If you take a look at even the least detailed map of the East Durham Coast of England, chances are that you will spot, in the smallest of letters in the blue wash of the North Sea, between the city of Sunderland and Jez Lowe’s hometown of Easington, the merest hint of an indentation that bears the name Shippersea Bay. If your sense of adventure is such that you are prepared to explore the reality of this coastline, you’ll find the bay itself is hardly accessible unless you are prepared to walk along the wild and windswept beach from Hawthorn Hive to Easington Colliery. There are no signs to indicate that you have reached it or are even in the vicinity, but at low tide, 50 metres off shore, you may come across the punished remains of some long forgotten ship wreck, embedded in the black sand and destined forever to be pounded by the grey waves of an angry tide.
The cliffs tower above you, the beach below foot is still the colour of a century of slag and colliery waste, that was chucked into the sea all down this coast line, only for the sea to chuck it back again and turn into a man-made volcanic-like blanket of black silt. At the foot of the cliffs you might even find the remains of some long deserted dwellings, that in some vague point in history, clung desperately to the base of the cliff above the high water mark in a vain effort to seek shelter from the unrelenting pounding of this untamed piece of ocean.
The flotsam and jetsum that litters the black sand is unremarkable now, as the days of the coal mine and the fishing net are long gone, but the occasional evidence, a coil of orange shot-wire or a ragged strip of conveyor belt, give their evidence that things were not always this way. No-one comes here now, but there was a time, and other times before then, when things were very different. Jez lowe first sang about this coast line, the angry shore line that leaned against the first few decades of his life, in the songs of other people in the early days of his career, such as Alan Todd’s SEA COAL WARRIOR, a fine song that he never recorded, and Bernie Parry’s DARK SHORES, a highlight of Jez’s 1980 debut album. But it wasn’t until 1983 that he tackled the subject himself and came up with a song that is quite unlike anything else he was writing in those days. Jez’s second album, THE OLD DURHAM ROAD, was apparently recorded but still unreleased when he came up with SHIPPERSEA BAY. His subsequent short-lived membership of the group DAB HAND provided a suitable sounding post for the dark brooding tune and vague lyrics, and it was that group’s arrangement of the song that was used (and credited) when Jez got around to recording it almost two years later, replacing the fiddle/cittern/guitar simplicity of the original with an even more brooding and unforgiving version with Jake Walton on hurdy-gurdy and Jez doubling on piano and guitar.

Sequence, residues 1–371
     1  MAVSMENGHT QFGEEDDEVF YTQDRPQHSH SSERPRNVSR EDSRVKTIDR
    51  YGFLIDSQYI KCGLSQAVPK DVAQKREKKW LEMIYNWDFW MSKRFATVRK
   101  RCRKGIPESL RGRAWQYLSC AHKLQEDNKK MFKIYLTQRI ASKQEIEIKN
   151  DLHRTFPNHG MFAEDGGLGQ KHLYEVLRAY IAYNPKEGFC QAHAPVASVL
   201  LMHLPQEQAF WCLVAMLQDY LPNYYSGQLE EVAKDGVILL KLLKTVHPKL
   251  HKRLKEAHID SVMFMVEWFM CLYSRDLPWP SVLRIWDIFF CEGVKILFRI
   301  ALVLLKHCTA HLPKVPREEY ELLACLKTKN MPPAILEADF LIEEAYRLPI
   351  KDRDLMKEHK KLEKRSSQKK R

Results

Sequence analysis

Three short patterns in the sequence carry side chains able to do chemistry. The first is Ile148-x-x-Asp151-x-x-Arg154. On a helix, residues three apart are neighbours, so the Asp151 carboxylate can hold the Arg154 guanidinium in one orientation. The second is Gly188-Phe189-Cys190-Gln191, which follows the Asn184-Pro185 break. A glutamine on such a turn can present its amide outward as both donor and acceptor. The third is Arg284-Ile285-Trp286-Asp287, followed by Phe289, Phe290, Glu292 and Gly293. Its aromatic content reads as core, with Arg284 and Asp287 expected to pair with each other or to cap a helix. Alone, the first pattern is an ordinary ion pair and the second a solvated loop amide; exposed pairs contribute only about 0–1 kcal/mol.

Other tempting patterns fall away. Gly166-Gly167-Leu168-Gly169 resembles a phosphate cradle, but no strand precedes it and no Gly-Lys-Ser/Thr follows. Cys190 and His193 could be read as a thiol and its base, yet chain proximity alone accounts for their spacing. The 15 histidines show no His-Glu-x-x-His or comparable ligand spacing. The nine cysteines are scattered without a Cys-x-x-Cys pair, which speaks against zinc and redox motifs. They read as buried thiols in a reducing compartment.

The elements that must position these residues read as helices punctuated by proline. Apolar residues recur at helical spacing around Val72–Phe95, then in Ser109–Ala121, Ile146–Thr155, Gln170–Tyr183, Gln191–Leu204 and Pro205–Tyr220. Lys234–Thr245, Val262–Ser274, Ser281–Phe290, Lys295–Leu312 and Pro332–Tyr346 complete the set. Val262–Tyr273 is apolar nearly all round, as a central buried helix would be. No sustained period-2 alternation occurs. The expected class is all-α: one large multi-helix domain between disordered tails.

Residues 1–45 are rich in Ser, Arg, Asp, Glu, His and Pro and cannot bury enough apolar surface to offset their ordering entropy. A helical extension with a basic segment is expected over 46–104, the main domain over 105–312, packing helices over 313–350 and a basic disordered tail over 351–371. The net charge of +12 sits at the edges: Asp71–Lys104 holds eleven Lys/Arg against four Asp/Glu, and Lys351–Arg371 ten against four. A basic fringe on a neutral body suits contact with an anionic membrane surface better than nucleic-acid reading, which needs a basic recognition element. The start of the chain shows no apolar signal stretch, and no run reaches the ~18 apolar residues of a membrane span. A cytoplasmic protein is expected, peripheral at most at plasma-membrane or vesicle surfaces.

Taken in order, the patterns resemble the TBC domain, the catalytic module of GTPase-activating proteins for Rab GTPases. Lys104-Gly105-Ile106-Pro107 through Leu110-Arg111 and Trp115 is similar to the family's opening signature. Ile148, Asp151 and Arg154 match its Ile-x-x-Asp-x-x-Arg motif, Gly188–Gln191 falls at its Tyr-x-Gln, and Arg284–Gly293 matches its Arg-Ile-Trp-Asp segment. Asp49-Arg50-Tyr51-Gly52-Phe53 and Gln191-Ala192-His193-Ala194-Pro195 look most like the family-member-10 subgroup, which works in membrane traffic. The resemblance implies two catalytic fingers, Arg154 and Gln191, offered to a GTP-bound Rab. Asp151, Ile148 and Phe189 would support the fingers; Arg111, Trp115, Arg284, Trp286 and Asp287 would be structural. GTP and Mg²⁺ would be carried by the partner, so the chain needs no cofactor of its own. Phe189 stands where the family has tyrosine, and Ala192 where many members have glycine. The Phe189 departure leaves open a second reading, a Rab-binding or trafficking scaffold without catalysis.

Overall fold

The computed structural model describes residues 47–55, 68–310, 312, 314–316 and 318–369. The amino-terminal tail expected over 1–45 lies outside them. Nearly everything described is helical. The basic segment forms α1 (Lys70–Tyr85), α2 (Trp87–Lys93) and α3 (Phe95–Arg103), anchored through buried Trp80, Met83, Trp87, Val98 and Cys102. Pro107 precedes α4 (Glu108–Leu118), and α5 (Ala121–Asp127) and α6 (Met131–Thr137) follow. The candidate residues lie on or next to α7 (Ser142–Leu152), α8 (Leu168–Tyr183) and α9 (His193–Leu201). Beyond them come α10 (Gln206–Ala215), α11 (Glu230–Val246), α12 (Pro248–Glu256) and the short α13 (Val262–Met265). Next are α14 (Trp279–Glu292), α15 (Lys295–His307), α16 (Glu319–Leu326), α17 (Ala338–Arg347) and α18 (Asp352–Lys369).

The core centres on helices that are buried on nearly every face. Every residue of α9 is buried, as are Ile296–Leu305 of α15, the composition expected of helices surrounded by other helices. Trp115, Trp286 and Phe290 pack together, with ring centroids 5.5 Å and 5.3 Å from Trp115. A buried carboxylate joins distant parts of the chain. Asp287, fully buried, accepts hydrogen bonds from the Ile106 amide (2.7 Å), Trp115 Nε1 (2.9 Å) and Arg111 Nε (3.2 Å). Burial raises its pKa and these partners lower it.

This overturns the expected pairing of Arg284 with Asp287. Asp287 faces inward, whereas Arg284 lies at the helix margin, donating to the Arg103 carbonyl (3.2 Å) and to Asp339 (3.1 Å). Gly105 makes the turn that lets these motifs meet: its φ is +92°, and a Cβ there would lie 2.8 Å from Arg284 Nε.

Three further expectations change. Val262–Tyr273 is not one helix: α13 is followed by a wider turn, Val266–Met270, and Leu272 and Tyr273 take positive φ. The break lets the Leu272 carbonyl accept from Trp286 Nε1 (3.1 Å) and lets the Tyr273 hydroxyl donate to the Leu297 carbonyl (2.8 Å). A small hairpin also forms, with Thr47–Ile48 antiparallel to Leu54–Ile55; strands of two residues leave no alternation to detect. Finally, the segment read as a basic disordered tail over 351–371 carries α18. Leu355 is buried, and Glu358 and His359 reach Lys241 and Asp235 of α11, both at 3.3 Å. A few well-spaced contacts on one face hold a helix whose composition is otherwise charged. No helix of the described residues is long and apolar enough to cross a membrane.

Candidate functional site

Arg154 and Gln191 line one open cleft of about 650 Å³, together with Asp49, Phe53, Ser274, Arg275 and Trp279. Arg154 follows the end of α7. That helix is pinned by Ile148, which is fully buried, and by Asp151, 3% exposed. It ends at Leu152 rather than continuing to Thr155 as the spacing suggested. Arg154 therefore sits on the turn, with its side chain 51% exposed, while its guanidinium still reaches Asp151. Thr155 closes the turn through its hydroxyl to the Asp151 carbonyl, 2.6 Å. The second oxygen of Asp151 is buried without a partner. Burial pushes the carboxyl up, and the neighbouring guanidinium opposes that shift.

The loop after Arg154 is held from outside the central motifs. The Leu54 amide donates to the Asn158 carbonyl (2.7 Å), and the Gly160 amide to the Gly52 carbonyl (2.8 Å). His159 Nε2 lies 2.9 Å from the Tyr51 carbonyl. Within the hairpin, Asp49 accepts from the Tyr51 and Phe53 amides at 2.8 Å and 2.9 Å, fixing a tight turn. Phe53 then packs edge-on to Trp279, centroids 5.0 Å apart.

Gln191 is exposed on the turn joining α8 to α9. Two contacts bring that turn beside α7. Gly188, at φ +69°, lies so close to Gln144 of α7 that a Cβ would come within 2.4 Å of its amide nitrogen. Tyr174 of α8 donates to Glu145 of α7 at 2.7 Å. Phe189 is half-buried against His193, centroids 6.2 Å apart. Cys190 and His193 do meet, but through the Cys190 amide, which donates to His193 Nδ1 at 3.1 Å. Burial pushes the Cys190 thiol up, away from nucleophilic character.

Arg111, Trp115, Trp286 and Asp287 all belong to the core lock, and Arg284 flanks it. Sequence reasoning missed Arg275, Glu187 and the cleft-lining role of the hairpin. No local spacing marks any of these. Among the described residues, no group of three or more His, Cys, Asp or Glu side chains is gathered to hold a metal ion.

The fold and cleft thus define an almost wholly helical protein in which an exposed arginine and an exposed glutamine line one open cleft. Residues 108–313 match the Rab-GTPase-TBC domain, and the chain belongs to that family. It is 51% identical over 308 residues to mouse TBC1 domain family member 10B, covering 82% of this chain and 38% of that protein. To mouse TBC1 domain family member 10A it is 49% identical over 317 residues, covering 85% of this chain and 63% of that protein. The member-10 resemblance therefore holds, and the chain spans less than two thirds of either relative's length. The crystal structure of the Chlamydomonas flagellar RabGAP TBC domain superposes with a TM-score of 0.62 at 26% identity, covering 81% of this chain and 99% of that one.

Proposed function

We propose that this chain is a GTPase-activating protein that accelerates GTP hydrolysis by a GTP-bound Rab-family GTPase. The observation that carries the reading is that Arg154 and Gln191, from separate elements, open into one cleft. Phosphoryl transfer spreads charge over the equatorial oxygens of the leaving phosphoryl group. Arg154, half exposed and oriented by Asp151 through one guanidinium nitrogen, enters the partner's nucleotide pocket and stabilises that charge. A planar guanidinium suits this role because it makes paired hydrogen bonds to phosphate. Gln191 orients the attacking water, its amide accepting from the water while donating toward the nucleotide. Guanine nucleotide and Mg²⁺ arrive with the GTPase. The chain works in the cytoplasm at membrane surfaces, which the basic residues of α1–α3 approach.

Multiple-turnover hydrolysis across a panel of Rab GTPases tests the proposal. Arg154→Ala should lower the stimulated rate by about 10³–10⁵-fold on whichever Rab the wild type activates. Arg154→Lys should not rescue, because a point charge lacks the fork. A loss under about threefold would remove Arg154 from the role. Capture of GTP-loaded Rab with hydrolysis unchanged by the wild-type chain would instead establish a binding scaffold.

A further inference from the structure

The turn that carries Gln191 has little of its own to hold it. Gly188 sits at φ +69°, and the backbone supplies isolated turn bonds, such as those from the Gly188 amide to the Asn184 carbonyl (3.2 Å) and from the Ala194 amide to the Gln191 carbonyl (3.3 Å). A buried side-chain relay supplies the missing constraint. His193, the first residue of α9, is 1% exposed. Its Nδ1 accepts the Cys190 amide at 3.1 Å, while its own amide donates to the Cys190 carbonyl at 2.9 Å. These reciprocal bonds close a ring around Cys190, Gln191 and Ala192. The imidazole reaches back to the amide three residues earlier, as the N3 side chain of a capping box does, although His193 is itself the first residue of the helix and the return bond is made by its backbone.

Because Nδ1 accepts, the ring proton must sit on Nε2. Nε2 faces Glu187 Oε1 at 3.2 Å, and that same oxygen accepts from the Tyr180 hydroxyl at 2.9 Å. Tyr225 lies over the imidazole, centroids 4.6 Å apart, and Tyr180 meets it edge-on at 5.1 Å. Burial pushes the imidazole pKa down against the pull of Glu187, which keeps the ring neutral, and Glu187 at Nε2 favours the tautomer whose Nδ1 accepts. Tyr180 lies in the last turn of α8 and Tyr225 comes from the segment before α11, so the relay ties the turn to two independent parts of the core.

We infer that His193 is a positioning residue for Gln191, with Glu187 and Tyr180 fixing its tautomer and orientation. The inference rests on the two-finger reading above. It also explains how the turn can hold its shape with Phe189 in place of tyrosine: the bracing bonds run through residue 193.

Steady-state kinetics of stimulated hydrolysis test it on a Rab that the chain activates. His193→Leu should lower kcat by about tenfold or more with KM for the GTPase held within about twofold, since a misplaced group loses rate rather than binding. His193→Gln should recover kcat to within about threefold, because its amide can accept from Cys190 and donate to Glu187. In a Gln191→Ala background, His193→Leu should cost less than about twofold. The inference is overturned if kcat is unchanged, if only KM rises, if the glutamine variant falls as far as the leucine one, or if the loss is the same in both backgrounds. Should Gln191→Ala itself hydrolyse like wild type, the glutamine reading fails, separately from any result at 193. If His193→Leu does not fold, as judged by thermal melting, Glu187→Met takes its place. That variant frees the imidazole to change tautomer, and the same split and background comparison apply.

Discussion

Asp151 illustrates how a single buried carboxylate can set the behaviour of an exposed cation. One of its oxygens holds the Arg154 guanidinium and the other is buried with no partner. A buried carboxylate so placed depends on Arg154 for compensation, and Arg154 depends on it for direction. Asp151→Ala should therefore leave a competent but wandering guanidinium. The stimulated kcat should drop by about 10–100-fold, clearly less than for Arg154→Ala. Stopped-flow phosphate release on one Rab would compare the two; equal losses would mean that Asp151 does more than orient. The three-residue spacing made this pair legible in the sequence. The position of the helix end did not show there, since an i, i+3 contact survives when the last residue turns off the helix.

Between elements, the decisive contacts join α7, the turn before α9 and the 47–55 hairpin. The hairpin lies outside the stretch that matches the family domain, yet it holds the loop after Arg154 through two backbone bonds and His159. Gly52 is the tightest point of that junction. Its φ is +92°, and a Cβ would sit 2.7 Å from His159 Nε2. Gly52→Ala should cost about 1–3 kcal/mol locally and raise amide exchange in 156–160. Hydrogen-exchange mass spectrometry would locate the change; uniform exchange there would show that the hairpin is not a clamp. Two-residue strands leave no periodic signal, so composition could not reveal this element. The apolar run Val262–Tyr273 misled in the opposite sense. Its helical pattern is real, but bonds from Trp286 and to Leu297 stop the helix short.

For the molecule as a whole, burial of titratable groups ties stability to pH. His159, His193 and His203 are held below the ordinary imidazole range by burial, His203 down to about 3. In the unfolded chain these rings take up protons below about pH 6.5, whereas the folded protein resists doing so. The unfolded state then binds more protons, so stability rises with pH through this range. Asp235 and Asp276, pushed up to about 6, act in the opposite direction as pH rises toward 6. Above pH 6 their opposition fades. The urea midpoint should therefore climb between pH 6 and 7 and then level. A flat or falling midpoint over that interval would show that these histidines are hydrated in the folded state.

It’s never been a song that Jez has returned to often in live performance, (though ironically the Bad Pennies used it as a sound-check number in the early 1990’s), but it’s inclusion on the BACK SHIFT colection in 1992 has ensured it’s popularity among the faithful, and it was the track to get most airplay when GALLOWAYS was issued in America on CD in 1998.
The lyrics of the song are uncharacteristically unspecific – there are no characters, no incidents, just a build up of atmosphere that harks back to a time when fishing along this coast was a common-place thing, and everyone believed that the coal mines would work forever. It’s really not until you see the area itself that it all comes into focus. As recently as the mid 1960’s there were men living and working on this inhospitable length of coast, in wood cabins set up on stone platforms, the remnants of which are still visible today. They were fishermen, beachcombers, rogues and scoundrels for the most part, burning driftwood and sea-coal to keep themselves warm and drinking each night in the nearby Trust Hotel (where The Bad Pennies used to rehearse up until a year or two ago). Gradually they moved on or simply died out as the winters got colder and the police got less tolerant.
Back in the 1930’s a ship called The West Hiker ran aground at Shippersea Bay, and never left the place, becoming instead a fixture, an adventure playground by the sea for a generation of the town’s kids. During World War 2, with scrap metal transformed into precious metal, the wreck was cut to pieces for arms manufacture, but one section, the engine rooms, had been swallowed by the shore, and remains there to this day, doomed to be eternally washed and salted by a thousand tides.
It is probably quite fitting that Shippersea Bay is only a vague place, without boundary or geographical precision, because it seems like Jez lowe’s song uses the name to encompass a whole length of coast that includes bays and inlets, denes and rock formations, that like most shore lines, is awash with legend and memory. But this is a strange, strange place, make no mistake. Somewhere along here, Michael Caine met his end by an assassin’s bullet in the film “Get Carter”, and 30 years later the director Ridley Scott, a local lad who probably played here himself as a child, filmed an unearthly scene for Alien 3, and then only this year, Jez lowe returned to it to compose a piece of music to celebrate it’s reclamation for the Sea of Light extravaganza. But as anyone who has heard that music will tell you, and as the song SHIPPERSEA BAY testifies, Jez lowe wasn’t among those fool enough to believe that anything will ever change this wild piece of coast line. As he said in the BBC Radio 4 interview at the time of the Sea of Light, you just can’t reclaim what was never yours to start with.